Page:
News for Credit Professionals       NACM-SE



International Risk Roundup: Spring 2012

Creditworthiness and paying habits along sovereign lines was, as expected, a recurring topic of interest throughout FCIB's Annual International Credit and Risk Management Summit in Hamburg in May. While sources noted the importance of weighing conditions within each region of a country and relationships with existing customers in such places, FCIB delegates still craved information at the national level, and not just about often-discussed problem nations like Greece, Spain and Russia. Based on panelist, speaker and delegate observations, here is a rundown of some of the latest risk and big-picture economic trends to keep in mind for some less-discussed nations:

Argentina and Bolivia: Concern is growing among those who do business in these nations as the threat of confiscation, such as in Venezuela in the recent past, continues to rise. As such, the short-term credit market is rife with risk, and options like credit insurance are in short supply. The key phrase here is "wait and see."

Bangladesh: Emerging as a manufacturing outsourcing destination because of lower wage demands than other production powerhouses such as China and India.

Egypt: Major changes to the banking system are taking place post-revolution. Hence, even timely payments are often subject to delays of a week or more. One panelist noted that Egypt resembles the Turkey, now a sub-BRIC emerging economy of note, of 25 years ago. Granted, the process of change and reaching potential is more likely to come over decades, not months or years.

Hungary: Those doing business here generally do so on open account following a short period of COD-type arrangements, and characterized Hungary as one of the better-paying European nations at present. However, it often takes three to five days for clearing and gaining access to the payment.

Italy: This PIIGS nation fell off media radar somewhat, but is doing a good job of quickly executing reforms. However, its debt burden remains tremendous, and the nation could struggle more if well-publicized problems in Greece or Spain escalate further.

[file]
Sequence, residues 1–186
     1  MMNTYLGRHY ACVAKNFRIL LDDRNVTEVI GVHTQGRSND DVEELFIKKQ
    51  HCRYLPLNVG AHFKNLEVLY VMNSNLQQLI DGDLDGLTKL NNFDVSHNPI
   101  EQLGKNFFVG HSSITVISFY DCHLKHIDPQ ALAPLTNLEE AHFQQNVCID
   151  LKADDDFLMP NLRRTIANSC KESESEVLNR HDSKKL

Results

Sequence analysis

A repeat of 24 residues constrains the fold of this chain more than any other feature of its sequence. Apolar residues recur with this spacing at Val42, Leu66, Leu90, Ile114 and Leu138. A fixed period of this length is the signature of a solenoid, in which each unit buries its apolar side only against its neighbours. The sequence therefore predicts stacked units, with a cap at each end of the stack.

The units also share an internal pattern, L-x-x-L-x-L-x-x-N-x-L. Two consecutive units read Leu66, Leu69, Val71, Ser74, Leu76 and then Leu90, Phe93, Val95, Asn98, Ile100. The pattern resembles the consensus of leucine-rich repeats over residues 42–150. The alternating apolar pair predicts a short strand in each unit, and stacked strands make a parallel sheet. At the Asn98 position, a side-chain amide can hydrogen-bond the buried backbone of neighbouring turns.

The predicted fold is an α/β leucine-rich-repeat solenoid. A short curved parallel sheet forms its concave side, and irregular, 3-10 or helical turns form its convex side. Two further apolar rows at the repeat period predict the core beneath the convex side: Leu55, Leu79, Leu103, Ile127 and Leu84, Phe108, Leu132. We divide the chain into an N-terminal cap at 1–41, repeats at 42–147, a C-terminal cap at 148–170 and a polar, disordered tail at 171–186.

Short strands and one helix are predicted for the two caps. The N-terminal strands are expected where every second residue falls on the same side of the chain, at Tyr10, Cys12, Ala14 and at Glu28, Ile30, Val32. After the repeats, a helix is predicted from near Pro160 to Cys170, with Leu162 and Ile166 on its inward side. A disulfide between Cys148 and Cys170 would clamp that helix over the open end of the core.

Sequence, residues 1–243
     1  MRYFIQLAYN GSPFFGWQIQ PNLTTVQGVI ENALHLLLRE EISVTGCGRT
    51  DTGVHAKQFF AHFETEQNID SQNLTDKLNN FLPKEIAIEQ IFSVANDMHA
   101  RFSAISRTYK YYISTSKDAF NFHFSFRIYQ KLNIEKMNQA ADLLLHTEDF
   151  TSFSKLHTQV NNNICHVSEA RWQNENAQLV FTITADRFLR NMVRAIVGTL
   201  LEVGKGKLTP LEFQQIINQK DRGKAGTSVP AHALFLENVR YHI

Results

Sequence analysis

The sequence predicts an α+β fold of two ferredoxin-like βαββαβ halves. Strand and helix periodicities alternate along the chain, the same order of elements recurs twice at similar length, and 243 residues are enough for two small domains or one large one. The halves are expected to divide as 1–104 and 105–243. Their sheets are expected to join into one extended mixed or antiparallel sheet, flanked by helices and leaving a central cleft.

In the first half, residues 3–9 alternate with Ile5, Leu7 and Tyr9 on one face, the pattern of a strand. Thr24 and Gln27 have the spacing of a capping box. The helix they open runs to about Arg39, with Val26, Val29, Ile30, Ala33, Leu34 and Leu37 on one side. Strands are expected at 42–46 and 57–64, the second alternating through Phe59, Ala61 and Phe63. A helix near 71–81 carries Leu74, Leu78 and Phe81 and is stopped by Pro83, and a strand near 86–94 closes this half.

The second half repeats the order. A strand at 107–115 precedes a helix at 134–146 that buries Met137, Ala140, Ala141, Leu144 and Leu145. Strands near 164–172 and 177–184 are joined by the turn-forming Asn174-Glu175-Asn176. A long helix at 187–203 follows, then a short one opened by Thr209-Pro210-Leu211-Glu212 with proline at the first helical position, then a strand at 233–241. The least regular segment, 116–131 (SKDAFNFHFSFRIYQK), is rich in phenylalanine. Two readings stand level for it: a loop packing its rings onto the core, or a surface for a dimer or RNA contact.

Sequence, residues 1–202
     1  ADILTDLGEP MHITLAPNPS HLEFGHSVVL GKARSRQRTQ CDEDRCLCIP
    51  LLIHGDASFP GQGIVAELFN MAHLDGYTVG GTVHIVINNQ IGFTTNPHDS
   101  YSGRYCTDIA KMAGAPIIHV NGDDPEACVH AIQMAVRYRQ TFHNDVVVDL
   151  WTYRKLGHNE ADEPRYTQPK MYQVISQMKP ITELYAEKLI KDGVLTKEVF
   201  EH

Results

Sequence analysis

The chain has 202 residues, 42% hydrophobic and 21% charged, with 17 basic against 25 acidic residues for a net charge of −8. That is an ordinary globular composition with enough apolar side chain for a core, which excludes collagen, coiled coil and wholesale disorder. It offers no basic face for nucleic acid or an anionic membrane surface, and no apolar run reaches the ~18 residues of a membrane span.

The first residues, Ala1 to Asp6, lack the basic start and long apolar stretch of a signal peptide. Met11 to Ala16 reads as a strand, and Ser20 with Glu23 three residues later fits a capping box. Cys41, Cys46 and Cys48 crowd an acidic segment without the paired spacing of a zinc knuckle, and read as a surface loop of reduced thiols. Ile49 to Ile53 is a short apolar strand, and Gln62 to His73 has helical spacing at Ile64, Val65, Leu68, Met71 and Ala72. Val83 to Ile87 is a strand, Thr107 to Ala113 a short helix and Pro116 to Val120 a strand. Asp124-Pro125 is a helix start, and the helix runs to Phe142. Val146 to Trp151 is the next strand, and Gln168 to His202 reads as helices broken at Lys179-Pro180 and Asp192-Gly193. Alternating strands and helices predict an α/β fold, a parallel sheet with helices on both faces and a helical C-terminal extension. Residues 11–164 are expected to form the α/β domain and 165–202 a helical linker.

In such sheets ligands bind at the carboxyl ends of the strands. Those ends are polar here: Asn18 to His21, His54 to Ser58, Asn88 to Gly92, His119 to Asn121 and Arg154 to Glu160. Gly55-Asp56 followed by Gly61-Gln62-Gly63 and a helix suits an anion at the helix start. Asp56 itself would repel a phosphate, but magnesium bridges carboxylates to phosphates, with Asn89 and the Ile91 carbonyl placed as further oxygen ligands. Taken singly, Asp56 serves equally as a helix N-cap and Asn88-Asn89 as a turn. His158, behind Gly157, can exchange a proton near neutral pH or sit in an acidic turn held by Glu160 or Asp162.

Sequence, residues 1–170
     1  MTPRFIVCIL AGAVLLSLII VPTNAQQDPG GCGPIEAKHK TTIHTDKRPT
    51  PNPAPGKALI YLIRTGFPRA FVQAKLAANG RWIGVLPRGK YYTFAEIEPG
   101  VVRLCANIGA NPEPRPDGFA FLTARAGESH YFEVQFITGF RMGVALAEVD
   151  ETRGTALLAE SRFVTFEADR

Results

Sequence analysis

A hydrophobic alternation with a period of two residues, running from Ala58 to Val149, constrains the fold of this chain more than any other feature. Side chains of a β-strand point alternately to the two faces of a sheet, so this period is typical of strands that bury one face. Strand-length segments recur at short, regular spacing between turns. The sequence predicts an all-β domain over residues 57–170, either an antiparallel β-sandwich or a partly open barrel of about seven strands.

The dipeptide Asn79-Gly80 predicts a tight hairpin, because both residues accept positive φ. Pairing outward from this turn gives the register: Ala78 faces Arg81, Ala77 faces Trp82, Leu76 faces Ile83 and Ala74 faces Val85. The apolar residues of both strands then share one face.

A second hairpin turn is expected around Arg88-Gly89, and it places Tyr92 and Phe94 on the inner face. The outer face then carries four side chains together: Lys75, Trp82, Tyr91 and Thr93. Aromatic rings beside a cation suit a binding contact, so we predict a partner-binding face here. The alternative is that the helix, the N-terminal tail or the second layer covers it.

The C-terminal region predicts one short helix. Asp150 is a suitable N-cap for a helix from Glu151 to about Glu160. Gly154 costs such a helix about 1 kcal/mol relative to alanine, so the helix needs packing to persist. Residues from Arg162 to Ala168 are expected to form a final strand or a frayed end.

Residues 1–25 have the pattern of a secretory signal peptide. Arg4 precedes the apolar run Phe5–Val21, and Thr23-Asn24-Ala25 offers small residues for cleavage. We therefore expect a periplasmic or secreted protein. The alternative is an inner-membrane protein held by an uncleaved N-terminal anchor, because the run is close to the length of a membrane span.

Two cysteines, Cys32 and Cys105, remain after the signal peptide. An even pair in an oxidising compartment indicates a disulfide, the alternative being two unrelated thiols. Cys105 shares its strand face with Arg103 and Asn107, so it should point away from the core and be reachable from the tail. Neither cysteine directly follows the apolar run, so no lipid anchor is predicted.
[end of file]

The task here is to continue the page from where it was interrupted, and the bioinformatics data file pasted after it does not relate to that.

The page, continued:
Netherlands: Held up as the example of how a nation can progress from perennial debtor (up to the late 1990s, early 2000s) to creditor over the course of a decade. Few are in better a position financially, save Germany, in the European Union at present.

Nigeria: Continues to be a high-risk market although, because of the oil trade, can be lucrative as well. Financial problems at Pipelines and Products Market Company (PPMC) remain a concern with possible spillover effect. Fuel shortages have been blamed on PPMC woes, and it is estimated the private market has exposure well exceeding $1 billion.

Slovenia and Croatia: Cash-flow problems for companies there have been an issue for years, but that seems to be abating somewhat.

Tunisia: Showing no improvement, payments are continually late or delayed. A wait of a month for banks to make the money available is not out of the question even when payment is made on time.

United Arab Emirates: The UAE actually benefitted from the Arab Spring revolts. Like parts of Turkey, Dubai now has become a bit of a trading center between more Islamic-tied business, including those operating under Sharia Law, and the west.

- Brian Shappell, CBA, NACM staff writer